.Net Like Gui Builder for Python?

Chris Angelico rosuav at gmail.com
Sat Jul 26 11:05:21 CEST 2014

On Sat, Jul 26, 2014 at 5:19 PM, Martin S <shieldfire at gmail.com> wrote:
> From the newbie point of view, VS is the perfect tool to get people coding.
> All the way back to Visual Basic, Microsoft has consistently pushed the ease
> of creating applications for Windows as a point of adoption.

IMO it's an attractive nuisance at best. Make it easy to build
something simple and flawed, and people will build things that aren't
simple but are still flawed. Microsoft has done this to the world a
few times - how many people do you know who use Excel for jobs that
would be better served by a database? (Or by a script, even; CSV
import into one sheet, manual fixups as required, then CSV export from
another sheet that has a bunch of formula cells. I've seen that done.)
GUI builders, especially those with "hey look you don't even need to
write code" event handlers, are often like that. Sure, you can make a
simple "Hello, world" pretty easily. You can go one further and have a
slider and an entry field whose contents are synchronized. But for
building a large and complex application, they tend more to make the
job harder than easier; and for people who've learned on that system
and no other, it's "but this works - what, I have to learn a whole new
system now? That new system sucks".

It's the same with everything. I did my first music transposition and
composing with NoteWorthy Composer. It was alright, it got the job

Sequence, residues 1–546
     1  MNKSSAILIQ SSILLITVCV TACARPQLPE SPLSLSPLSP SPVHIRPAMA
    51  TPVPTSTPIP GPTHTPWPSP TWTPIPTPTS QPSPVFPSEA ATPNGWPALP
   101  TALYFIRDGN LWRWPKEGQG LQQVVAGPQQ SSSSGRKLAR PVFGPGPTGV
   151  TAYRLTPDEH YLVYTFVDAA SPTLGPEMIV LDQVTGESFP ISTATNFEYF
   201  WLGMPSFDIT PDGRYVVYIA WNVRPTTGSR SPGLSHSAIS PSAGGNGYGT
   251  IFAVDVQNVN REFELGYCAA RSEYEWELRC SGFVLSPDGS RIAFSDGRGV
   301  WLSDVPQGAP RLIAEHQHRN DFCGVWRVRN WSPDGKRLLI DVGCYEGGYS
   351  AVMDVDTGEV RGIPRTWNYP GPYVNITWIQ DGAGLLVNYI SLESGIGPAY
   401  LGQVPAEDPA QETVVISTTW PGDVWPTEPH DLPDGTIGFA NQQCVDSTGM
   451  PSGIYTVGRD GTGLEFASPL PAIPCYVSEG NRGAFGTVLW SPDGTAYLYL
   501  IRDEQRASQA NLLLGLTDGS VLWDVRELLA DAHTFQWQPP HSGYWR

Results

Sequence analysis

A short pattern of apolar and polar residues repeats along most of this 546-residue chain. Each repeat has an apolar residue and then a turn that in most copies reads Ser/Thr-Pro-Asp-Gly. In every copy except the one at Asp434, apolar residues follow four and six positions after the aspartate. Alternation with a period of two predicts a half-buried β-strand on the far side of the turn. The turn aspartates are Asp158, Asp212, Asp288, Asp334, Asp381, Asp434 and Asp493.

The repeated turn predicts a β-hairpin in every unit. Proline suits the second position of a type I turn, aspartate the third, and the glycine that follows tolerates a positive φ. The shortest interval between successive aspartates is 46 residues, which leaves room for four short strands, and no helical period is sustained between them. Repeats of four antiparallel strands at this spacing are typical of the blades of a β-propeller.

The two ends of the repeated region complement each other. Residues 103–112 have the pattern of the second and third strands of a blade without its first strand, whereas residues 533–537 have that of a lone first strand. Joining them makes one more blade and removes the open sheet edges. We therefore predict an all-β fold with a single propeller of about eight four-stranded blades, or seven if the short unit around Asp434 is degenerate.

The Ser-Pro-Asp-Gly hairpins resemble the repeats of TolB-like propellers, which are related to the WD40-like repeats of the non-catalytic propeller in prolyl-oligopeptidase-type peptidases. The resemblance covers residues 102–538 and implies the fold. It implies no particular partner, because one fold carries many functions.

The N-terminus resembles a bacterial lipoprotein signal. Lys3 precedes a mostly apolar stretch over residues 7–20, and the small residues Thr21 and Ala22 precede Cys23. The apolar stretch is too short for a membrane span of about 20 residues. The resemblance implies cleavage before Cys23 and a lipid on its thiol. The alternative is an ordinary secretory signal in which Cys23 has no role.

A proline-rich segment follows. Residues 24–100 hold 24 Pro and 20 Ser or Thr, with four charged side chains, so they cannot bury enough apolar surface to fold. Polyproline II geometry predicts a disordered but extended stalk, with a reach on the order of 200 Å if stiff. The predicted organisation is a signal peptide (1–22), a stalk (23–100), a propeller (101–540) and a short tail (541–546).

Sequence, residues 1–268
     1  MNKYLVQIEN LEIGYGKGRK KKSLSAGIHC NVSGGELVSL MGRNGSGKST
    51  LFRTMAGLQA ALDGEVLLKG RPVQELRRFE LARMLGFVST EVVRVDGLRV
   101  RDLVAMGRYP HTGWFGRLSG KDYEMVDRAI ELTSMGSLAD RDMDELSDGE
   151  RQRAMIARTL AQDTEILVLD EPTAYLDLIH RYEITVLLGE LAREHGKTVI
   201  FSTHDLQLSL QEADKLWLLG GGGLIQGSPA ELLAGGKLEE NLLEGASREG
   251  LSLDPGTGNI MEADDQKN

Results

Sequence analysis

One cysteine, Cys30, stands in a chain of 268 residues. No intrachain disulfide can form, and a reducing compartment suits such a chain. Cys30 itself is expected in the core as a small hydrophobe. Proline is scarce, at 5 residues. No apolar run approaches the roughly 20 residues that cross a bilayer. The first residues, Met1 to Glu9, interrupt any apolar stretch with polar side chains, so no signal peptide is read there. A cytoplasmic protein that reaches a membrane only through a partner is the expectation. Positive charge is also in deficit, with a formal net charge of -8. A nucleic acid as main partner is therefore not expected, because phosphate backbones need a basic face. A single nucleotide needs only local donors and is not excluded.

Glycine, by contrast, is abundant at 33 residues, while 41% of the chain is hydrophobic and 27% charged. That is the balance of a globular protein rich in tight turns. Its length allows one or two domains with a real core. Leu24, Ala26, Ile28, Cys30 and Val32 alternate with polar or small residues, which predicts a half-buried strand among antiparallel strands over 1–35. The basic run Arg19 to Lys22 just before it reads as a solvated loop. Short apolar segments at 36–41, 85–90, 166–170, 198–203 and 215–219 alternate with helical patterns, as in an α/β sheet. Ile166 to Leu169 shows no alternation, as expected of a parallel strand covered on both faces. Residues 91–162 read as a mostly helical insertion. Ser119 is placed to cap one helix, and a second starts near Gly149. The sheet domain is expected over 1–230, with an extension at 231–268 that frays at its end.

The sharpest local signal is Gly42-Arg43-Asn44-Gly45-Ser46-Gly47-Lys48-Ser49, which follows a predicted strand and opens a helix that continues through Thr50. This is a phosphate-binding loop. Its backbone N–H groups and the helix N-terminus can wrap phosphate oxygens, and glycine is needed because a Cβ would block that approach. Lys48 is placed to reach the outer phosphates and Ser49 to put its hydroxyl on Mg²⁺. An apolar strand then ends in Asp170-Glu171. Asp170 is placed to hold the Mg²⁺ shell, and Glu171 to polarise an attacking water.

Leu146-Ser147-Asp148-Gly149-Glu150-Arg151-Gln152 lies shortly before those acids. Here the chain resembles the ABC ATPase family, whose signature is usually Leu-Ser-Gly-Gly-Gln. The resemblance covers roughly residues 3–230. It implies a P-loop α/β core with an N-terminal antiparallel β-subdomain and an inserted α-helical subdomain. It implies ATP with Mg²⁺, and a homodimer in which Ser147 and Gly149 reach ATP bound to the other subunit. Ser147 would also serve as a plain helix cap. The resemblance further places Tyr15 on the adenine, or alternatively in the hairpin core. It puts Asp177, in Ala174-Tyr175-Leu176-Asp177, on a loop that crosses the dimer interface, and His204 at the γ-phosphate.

done. But when I wanted to do anything more complex than the authors
planned for, I was stuck. Just adding additional verses to a hymn tune
(music score at the top of the page, four more verses underneath) was
impossible in NWC, so I ended up actually printing out the score, then
physically putting the sheet of paper back in, and printing the
additional verses from a word processor. With LilyPond, I can do
additional verses easily, because the authors planned for it; but more
importantly, I can also do things they didn't plan for, like putting
lyric line breaks into the MIDI file without disrupting the printed
score. (I had to write a little Scheme code to make that work.)

If it comes to that, in a way, programming is all like that. Imagine
buying a device and being allowed to run only the software that its
makers provide. [1] If they think of lots of things, then great! You
want to do something, and there's an app for that. But generally, a
device is sold to more people than built it, and most likely (I'm
definitely making assumptions here) the collective intelligence and
creativity of the buyers exceeds that of the designers. So a smart
designer will make it possible for the device to do more than he
planned, by making it programmable. Sure, it's a bit harder to use
than just "touch this and stuff happens", but instead of finite,
pre-coded functionality, you have infinite possibilities.

Since we're all here on python-list, I think we all appreciate the
value of being able to do what someone else didn't think of. I'm happy
to have the same power-at-the-cost-of-effort in GUI building, too.


[1] This scenario is purely hypothetical. Any similarity with real
products whose names begin with the mathematician's shorthand for the
square root of -1 is purely coincidental. Anyway, I'm exaggerating for
emphasis. Slightly.

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